1.  How much of your equity are you selling?
  2. What will you use this equity investment for?
  3. When do you hope to complete this fund‐raising?
  4. When will you IPO?
  5. What are you looking for besides capital from an investor?
  6. How do you think you can double or triple your profits?
  7. How much is your valuation?
  8. Who are your competitors and what are your competitive edges?
  9. Can you please explain your strategy for growing faster than your competitors?
  10. Please give me brief summary of the jobs and the past experience of the most important members of your management team?

China and the USA – same bed, same dream

The world’s largest and soon-to-be second largest economies, the US and China, don’t seem at first glance to have very much in common. The USA is a new country with an old political system. It’s a little appreciated fact that the US political system, coupling a federal democracy with capitalism, is now arguably the world’s oldest, since it’s been going for 232 years without major changes. China, by contrast, is a very old country – indeed the oldest of all nation-states – but with very new, fast-evolving political and economic systems.

And yet, there are some powerful similarities, ones that appeal directly to me as a builder and financier of private companies. In terms of raw entrepreneurial talent and ambition, China and the US are all but identical. Now, granted, American and Chinese entrepreneurship can often take very different forms — the US is a mature economy that grows at a solid but hardly spectacular pace. Technology plays a key part in many of the best new entrepreneurial ideas. Think of Google or Facebook. China is booming, and every year, millions of move from subsistence farming to relative abundance, from have-nots to consumers.  Opportunities abound, in the most basic industries like agriculture and mining, all the way to biotech and semiconductors.

Even so, the entrepreneurial foundation of both China and the US is plainly, and remarkably, visible. A reverence for hard work, vigorous personal ambition, a keen eye for spotting opportunity, these are qualities shared by the people of both countries. It’s why I am so optimistic about the prospects of both countries. And also why I think that China and the US are the two best markets for private equity and venture investment. Entrepreneurship, more than capital, is what drives the process of private equity finance.

Dig still deeper, and you find other important commonalities. In both China and the US, the government does not, thankfully, cripple what my favorite economist, Gary Becker of University of Chicago, calls “the dynamic energies of the competitive private sector”. My hope and belief are that this will continue to be the case for many years to come, and that China and the US will continue to offer great opportunities for building great private companies like those we work with at China First Capital.

There’s always a conflict, in every large economy, between those who want to regulate and tax the private sector, and those who want to maximize the room for businesses to operate free of burdensome regulations and high taxation. Seen in the broadest terms, the US and China are together following one path, and Europe and Japan are following another. China and the US are still open to high-levels of commercial competition with limited government intrusion. This makes both countries more friendly toward the new ideas of entrepreneurs. Europe and Japan, by contrast, are more regulated, more taxed, more anti-competitive, and so less hospitable to the entrepreneurship that drives China and the US.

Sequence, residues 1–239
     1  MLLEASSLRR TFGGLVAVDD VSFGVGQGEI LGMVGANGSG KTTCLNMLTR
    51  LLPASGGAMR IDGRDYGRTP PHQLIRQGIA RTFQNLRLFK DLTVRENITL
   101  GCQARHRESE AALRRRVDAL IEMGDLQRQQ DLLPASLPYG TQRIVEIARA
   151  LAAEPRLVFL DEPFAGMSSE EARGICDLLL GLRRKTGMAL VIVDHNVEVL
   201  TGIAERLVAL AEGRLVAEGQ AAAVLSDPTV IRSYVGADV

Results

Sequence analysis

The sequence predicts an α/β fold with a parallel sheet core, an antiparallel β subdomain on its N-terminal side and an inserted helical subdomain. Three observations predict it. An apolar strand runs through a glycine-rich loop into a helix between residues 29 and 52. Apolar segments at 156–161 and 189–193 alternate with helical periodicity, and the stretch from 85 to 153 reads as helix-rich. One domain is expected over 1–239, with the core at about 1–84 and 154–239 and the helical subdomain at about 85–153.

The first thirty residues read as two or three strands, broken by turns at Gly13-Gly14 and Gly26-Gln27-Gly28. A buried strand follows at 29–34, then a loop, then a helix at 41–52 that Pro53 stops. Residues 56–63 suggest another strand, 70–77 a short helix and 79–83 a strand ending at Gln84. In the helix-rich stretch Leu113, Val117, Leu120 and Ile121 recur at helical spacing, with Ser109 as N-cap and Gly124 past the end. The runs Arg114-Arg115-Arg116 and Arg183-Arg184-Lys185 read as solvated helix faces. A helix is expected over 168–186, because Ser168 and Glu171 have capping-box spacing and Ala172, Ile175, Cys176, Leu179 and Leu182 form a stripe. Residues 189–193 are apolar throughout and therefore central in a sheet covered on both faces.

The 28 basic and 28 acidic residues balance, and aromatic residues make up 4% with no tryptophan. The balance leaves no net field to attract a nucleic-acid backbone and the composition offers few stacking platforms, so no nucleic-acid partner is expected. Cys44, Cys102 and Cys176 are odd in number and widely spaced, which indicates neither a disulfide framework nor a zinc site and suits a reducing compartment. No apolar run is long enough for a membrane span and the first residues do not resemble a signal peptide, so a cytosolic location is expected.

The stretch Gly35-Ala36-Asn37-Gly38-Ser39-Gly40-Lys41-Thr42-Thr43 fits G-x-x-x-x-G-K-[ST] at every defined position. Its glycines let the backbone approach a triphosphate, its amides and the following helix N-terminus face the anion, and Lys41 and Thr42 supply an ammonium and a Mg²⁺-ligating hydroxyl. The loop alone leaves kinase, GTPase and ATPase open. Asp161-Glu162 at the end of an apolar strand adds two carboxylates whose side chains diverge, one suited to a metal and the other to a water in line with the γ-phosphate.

Entrepreneurs create wealth. Governments don’t. It’s a fundamental reality best understood and practiced in the US and China – and best understood, as well, by those whose capital is placed at risk in private equity deals. Capital goes to where the risk-adjusted returns are greatest. Today, that’s China and the US.

 It will be true tomorrow as well. 

DD Done Right

Due diligence is rarely anyone’s idea of fun and games. Nor should it be. And yet, several days into the process now I’m struck just how positive the process can be, when it’s done right, done well, done in an atmosphere of shared goals and shared respect. At its best, DD sets the tone for a long period of successful partnership and value-creation between a company and an investor. 

This week, DD kicked off between one of our China First Capital clients and the Private Equity firm intending to invest in the company’s first round of equity finance. The PE firm is among the best, and it operates with the precision of a Geneva watchmaker. The DD checklists sent in advance were exhaustive, prepared both in Chinese and English, encompassing legal, financial and managerial topics. 

Our client – after recovering from the initial shock on seeing the sheer volume of information to be collected and presented – dug in and worked until late each night over the weekend to get the material ready.  The laoban struck exactly the right note from the beginning, explaining to his sometimes-beleaguered staff, that the volume of DD material was conclusive proof that this PE firm would make a professional, highly-competent and valuable partner if the deal closes. 

In other words, it’s a step in a process of increased transparency, meticulousness and accuracy. This will benefit the company immediately, in its operations and planning, and ultimately put it in a far stronger position as it moves toward a successful public listing down the road.   

We insist to our clients that they embrace this approach:  “even as a private company, you should adopt the standards of a public one.” This makes the transition to a publicly-traded company, accountable to both to regulators and shareholders, infinitely smoother.  It’s also just good business.